The Yes Men: 'Take to the streets'

作者:卜劝    发布时间:2019-03-08 07:18:09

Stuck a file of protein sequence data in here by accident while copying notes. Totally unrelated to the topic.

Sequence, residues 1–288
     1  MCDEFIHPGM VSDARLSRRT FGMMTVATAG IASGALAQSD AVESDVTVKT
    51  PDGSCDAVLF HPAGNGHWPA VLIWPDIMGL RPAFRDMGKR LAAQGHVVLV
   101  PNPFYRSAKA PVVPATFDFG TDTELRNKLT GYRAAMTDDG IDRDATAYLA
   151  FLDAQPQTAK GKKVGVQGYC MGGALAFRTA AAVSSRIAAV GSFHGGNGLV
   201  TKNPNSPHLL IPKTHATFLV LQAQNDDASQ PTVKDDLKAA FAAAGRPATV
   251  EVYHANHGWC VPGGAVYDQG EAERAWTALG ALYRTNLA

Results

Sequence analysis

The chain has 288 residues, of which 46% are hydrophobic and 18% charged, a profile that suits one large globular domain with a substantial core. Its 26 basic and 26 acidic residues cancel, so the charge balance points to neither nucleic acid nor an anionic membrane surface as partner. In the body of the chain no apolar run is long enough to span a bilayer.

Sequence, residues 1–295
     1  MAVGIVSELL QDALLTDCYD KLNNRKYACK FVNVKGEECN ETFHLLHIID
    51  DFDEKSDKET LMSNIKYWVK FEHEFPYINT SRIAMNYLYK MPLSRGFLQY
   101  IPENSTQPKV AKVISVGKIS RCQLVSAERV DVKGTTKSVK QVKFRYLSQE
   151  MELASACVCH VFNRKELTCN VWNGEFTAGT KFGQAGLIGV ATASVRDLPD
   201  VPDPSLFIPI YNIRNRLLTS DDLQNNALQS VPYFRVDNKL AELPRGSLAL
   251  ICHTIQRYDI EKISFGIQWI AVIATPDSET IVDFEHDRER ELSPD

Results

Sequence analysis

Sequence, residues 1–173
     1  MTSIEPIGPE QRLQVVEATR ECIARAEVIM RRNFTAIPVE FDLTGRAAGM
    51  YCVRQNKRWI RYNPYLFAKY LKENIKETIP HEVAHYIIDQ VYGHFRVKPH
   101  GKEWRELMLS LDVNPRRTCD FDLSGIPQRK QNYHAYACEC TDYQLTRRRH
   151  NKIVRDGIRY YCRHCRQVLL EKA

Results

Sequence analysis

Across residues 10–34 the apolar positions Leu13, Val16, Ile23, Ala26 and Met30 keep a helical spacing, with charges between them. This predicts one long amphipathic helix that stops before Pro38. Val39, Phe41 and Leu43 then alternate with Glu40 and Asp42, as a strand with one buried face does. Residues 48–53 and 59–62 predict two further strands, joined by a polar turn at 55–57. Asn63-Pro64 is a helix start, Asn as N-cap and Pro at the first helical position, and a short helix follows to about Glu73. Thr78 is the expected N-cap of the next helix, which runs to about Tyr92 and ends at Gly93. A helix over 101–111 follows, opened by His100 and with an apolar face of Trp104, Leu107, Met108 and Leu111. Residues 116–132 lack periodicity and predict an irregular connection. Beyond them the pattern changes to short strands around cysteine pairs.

By Kat Austen Andy Bichlbaum and Mike Bonanno (not their real names) are the frontmen for the Yes Men. They got together to set up parody websites such as www.gwbush.com and graduated to huge anti-corporate, culture-jamming stunts targeting giants such as ExxonMobil and Dow Chemical. Their latest film, The Yes Men Fix the World, is showing now all over the UK and in the US later in October. Film review: The Yes Men fix the world What are the Yes Men all about? Bichlbaum: We want to make the point that if you let corporations do what they want, the world will go to hell in a hand basket. We advocate that citizens be able to decide their own futures rather than let big corporations do it. What made you think that? Bichlbaum: Mike and I grew up with serious distrust of power in all its forms. We both have grandfathers who died in the Holocaust and things like that have instilled in us how out of hand things can get if you just trust an ideology – and trusting an ideology is what has happened. Look at the way that people excuse injustice: “It’s the market, it’s a necessary evil; like any other system it’s just a kind of side effect, unfortunate.” That’s the way all ideologists have excused the horrors that their ideologies have unleashed on the world. They all think that it’s doing basically a good job and yes, there are these problems like the Gulags or whatever, but… Bonanno: We don’t actually think that what we do is the best way to make change: there are a lot of other things that are far more important, like changing laws, holding companies accountable using the legal system, becoming politicians or protesting in the streets. I think that our actions can demonstrate that these forces that seem so insurmountable are actually fallible, or at least give people the feeling that it’s possible to change. Do you have an alternative system in mind? Bichlbaum: We’re not saying we need to do away with it entirely; we’re not ideologists. What we’ve been doing is trying to say, let’s just have a saner approach. We can figure out something else, surely; it can’t be rocket science. It could be just a matter of understanding that we can’t allow corporations to do whatever they want any more. There are some fundamental problems with the system now that are just obvious, like corporate lobbying in Washington. Why not just rule it out? Then if people decide that we want healthcare for everyone, you won’t have this $100 million effort to subvert it. Right now there’s a big effort by people in the US to get universal healthcare. We want it, we voted for a president who promised it, and everybody’s desire is for that; and yet it’s clearly not going to happen because there are hundreds of millions of dollars arrayed against it. From the pharmaceutical industry and the clinics? Bichlbaum: Yes. Why is it right that they should be able to spend hundreds of millions of dollars to oppose our desires? It doesn’t seem right. And one quick fix, one simple thing that’s not ideological, is just to eliminate corporate lobbying in Washington. What was your first act as the Yes Men? Bichlbaum: We set up a fake World Trade Organization website in November 1999 because we couldn’t make it to the Seattle protests. So we thought we’d do second best and set up the fake website to highlight through satire what we thought was bad about free-market globalisation. To our surprise a lot of people started writing to the website, thinking it was the real thing, and we eventually got invited to a conference as the WTO. It took us about a month to realise that we should go, but we did, and we proposed various things in the name of the WTO to a small conference of lawyers in Salzburg, Austria. We said, “We should privatise the whole system of voting – basically allow corporations to buy votes directly from citizens via the internet. That cuts out the whole complex of lobbying and campaign finance and all that crap: just have the money go efficiently from point A to point B, cut out the middle man. It would just be better for all, it’s a free-market solution to democracy.” People just sat there and absorbed it and applauded at the end and weren’t shocked. So we just upped the volume continuously. How do you feel about reactions to pranks like that one? Or to the one in which you unveiled an industry standard for determining how many deaths are acceptable when achieving large profits? Bichlbaum: It’s a continual surprise. There’s lots of research [famously, Stanley Milgram’s experiment and Philip Zimbardo’s Stanford prison experiment] showing that, under certain conditions, when people are given a message by someone in authority they absorb it and do what the authority says. What’s shocking isn’t so much that people believe what we say or that we are the corporate people we’re pretending to be: it’s that they don’t react when these entities say horrible things. Bonanno: This authority thing is, I think, about human behaviour in general, wanting to respect authority, tending to go along with what people say if they are perceived to be in a position of authority. There’s a certain amount of group behaviour, too. [Being among] a lot of people in an audience usually makes people less likely to react and to speak out than if they were alone, which is always surprising. You begin to realise that this also reflects on what we face in terms of really fixing the world. It’s much easier for people to go along with the status quo. And reason is not necessarily the way that people act. Reason is a nice construct and it works for making our way through life in a more sane way, but people aren’t necessarily like that. At one point Andy claimed to be a spokesman for Dow Chemical, saying Dow would pay whatever it took to clean up after the Bhopal disaster of 1984. What effect did that have? Bonanno: We didn’t expect there to be such an impact on the stock market. It wiped 3 per cent off Dow’s stock price; we didn’t expect that. There were reports that the US Securities and Exchange Commission was looking for us, and people suspected we might be short trading. There was a lot of suspicion, which is almost comic, but it just goes to show what point our culture has come to: like the only logical reason for doing a thing like that was to make money! It’s totally absurd. But then when we had to reflect on what it meant for the world at large, it was pretty sad because even corporate managers can’t do the right thing. Even if they wanted to they would be punished by the market, by the system. That becomes the underlying thesis of our film: that we need to change the rules that allow the market to reward bad behaviour. Why can’t we just write letters and get things changed that way? Bichlbaum: The historical precedent is that change only happens through people taking to the streets, in the US at least. In the Great Depression, President Franklin Roosevelt instituted national healthcare and a retirement plan, and labour laws, and allowed unions, and so on. All these things that everybody in the developed world takes for granted, especially in Europe, came out of the Great Depression in the US. But it didn’t come out of Roosevelt: that wasn’t in his plan when he took office. He had no idea what to do when he took office. It was massive public pressure, regular people demanding these things, taking over relief offices and saying, “We need relief if we don’t have jobs, we need to be kept alive.” It was people in factories unionising, taking over factories and marching down the streets. There were a lot of people forcing the changes that Roosevelt conceded. When the government didn’t actively support the corporations, the workers got what they wanted, which is why it’s great that we now have a president in the US who is basically on our side and is not going to actively support the corporations against people, probably. It gives us hope that if we take to the streets we’re going to get what we need because we’re going to be demanding it. The same is true in other struggles: like with the abolition of slavery, you had a president who was basically sympathetic but it was mass movement that created that abolition. And segregation, and of course the end of apartheid in South Africa. It’s always people. Making their voices heard… So is climate change where they are making noise? Is that going to be your next mission? Bichlbaum: When you have very powerful, wealthy, entrenched interests in the US fighting action on climate change, the only way to fight is to take to the streets and demand action. We have a president and a lot of people in Congress who wouldn’t mind doing the right thing, but they’re beholden to certain interests. If they can point to people protesting, then they have proof the public want action. They can say to the industrial forces pressuring them, “I can’t do what you’re telling me to do because people are taking to the streets.” This is a crucial part of democracy. Will it work? What about climate change deniers? Bichlbaum: We don’t know. We hope so. There are millions and millions of people who feel very strongly that it’s a big problem we need to do something about. Even if a small percentage of them take to the streets, they are going to be visible. We have a project to appeal to the climate change deniers: we’re asking people to write tabloid articles in the style of climate deniers. We’re going to launch them in a website later this month: see www.theyesmen.org/blog/become-a-tabloid-writer. Your day jobs are in academia. What do you make of the way research is funded? Bonanno: We feel strong affinity and sympathy for all the people who are doing sometimes amazing research projects that can’t get funded because the commercial application isn’t a big money maker. There may well be an important commercial application: like in pharmaceuticals, when chronic illness is privileged over curable illness because it makes a whole lot more money. You’ve got to wonder what our priorities are. Film review: